Here are some examples of projects that were created in the 2020 Designing Physical Interactions for Music workshop.

If you made something in the workshop and would like to share the link, please get in touch with me and I will make sure to post it here.

Anika Fuloria - TILT-A-PLAY

The TILT-A-PLAY is a device which can add effects and filters to instruments using rotational gestures from a hand. Any instrument and any rotational (non-toggle) effect or filter can be used. With an accelerometer, the TILT-A-PLAY determines the orientation (pitch, yaw, roll) of the hand which is then used as a parameter to control the sound. For example, the pitch of the hand could change the amount of wet mix in the reverb. This project uses Teensyduino, Max MSP, and Logic Pro/GarageBand.

Johannes Regnier - 2 projects

Various nature-inspired and dynamical systems algorithms. + a music tracker, directly imported from the 90s.
Both projects based on LCD and touchscreen.”

Dynamical Systems 1 from Johannes Regnier on Vimeo.

Project 1: swarm algorithm, spring-mass system, bouncing ball generator,
orbital dynamics. Data sent as OSC packets to MAX or Pd, for instance.
Control via touchscreen, pots, and buttons.

Micro Tracker from Johannes Regnier on Vimeo.

Project 2: 8-track music tracker, similar to the trackers from the 90s,
with additional functions: note probabilities, randomization etc…
Control via touchscreen, pots, and buttons.
Midi over USB. Main functions run as an interrupt, for precise timing.”

Giles Bowkett - Stochastic Drum Machine

Drum machine which you can program like a normal drum machine, or as a map of probabilities.

Kevin Casey Simon - Strum Gesture Tests

Proof of Concept: https://youtu.be/aCkG5XMUJuc Project Overview: https://youtu.be/eJpEHv56NKk Phase 3: https://youtu.be/37gAaEV4bQE https://youtu.be/bLUMifuqkgg https://youtu.be/sX_2kl56UJc Final: https://youtu.be/AzsRcjreC6o https://youtu.be/acNURZoocvU https://youtu.be/jweWoB75JWw
A strum gesture based MIDI controller was built. The project evolved in 4 phases which are shown in the posted videos. The first phase used small buttons which were difficult to play but demonstrated proof of concept. The buttons were used for chord selection and articulation (down stroke, up stroke, mute, silence) and mode change which enabled different strumming and picking patterns.. The second phase replaced the small buttons with responsive arcade buttons. Phase three added dynamics with Piezo sensors. The final phase (for now) used force sensing resistors including two in a linear format which tracked down stroke and up stroke strumming.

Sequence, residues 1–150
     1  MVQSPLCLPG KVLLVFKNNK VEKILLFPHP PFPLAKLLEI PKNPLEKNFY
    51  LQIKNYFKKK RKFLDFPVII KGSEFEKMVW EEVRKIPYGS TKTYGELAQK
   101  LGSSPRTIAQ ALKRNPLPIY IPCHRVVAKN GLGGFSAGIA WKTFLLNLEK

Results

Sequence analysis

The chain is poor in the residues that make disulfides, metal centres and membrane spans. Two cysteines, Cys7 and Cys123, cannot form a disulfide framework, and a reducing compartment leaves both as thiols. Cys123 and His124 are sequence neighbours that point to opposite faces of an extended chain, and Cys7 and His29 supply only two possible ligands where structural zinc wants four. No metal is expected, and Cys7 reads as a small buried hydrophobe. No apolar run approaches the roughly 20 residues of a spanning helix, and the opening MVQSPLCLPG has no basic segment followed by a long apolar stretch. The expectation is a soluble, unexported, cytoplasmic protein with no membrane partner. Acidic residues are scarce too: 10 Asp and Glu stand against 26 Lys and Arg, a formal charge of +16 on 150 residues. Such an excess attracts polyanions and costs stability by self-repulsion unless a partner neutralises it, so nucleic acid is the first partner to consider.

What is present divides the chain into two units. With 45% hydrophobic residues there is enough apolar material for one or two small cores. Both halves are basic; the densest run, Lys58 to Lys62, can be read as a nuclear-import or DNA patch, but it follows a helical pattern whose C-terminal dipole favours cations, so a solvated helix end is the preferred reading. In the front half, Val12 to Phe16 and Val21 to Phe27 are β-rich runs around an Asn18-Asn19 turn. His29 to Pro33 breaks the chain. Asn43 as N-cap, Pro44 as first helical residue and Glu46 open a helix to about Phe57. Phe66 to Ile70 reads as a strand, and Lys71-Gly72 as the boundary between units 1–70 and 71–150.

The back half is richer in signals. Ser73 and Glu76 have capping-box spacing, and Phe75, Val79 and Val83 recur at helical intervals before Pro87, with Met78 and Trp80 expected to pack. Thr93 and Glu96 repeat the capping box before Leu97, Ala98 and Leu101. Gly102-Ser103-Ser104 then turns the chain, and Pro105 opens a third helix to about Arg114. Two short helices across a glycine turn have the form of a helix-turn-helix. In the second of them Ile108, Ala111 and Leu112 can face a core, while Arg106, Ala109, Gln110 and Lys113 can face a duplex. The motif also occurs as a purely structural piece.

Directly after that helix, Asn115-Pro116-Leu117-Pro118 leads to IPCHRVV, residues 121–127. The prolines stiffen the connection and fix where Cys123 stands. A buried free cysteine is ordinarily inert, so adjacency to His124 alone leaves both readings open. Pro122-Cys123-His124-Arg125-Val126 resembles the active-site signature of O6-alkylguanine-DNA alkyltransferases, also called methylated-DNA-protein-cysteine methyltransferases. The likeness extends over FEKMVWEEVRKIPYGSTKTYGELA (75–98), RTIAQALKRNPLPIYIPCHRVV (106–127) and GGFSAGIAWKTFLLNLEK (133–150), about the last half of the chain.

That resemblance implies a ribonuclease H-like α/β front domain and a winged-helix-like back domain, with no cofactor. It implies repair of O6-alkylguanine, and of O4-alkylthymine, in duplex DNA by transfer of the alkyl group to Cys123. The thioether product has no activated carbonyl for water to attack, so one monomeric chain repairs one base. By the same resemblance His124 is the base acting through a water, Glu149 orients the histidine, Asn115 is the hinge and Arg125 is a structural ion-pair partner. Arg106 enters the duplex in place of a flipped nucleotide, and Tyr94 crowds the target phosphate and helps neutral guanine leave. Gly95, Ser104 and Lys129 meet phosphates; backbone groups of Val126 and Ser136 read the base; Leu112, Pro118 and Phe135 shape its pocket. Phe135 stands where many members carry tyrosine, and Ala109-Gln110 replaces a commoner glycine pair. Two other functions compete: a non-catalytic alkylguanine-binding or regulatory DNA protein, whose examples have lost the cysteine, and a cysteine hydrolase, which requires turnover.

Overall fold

Rick Snow - Turntable Reconstruction

This is a work-in-progress demonstration of a turntable inspired, semi-autonomous, robotic instrument. 6 knobs control parameters related to the location, movement, and speed of two contact microphones raised and lowered above a rotating acryllic disc.

Kevin Haywood - Ribbon Control of Audio Synthesis

Ribbon Control of Audio Synthesis from Kevin Haywood on Vimeo.

Ribbon interaction (no audio) from Kevin Haywood on Vimeo.

I’m using an LED light strip to visualize a simple physical model which is running on a Teensy microcontroller, with one ribbon controller, two potentiometers, and two pushbuttons as input. The real-time data from this system is used for simultaneous control of audio synthesis.

The system models two rotating discs, which are depicted as groups of blue and red lights along the single dimension of the LED strip. The blue disc is smaller in diameter, and appears as if positioned in front of the red one, occluding it. The ribbon controller is situated adjacent to and in parallel with the LED strip, and tracks the position and lateral velocity of any single touch. In conjunction with the two pushbuttons, the ribbon can be used to alternately rotate or translate either disc. Each disc has an independently definable coefficient of friction which can be varied in real-time through the use of the potentiometers, where a zero friction state allows for any applied motions to cycle indefinitely.”

Shashaank N - aural360: Audio Spatialization Mobile App

aural360 is a mobile application that can spatialize audio without VR/AR gears or SDKs. It uses the built-in magnetometer and accelerometer sensors in smartphones and tablets to control the 360-degree audio panning and 3D position. The application was written in Xamarin, a cross platform development software, and the audio was spatialized using the Facebook Audio 360 and AVFoundation SDKs.

Franz Danksagm├╝ller - wearable MIDI controller (prototype)


https://vimeo.com/444544234/ecd3e1ae52

Work in progress demo of a wearable MIDI controller: two flex sensors, one triple axis accelerometer. Midi to Kyma. flex sensor on finger controls pitch.

x axis controls filter cutoff
y axis controls octave
z accel. triggers amp and filter envelope
flex sensor on elbow controls delay feedback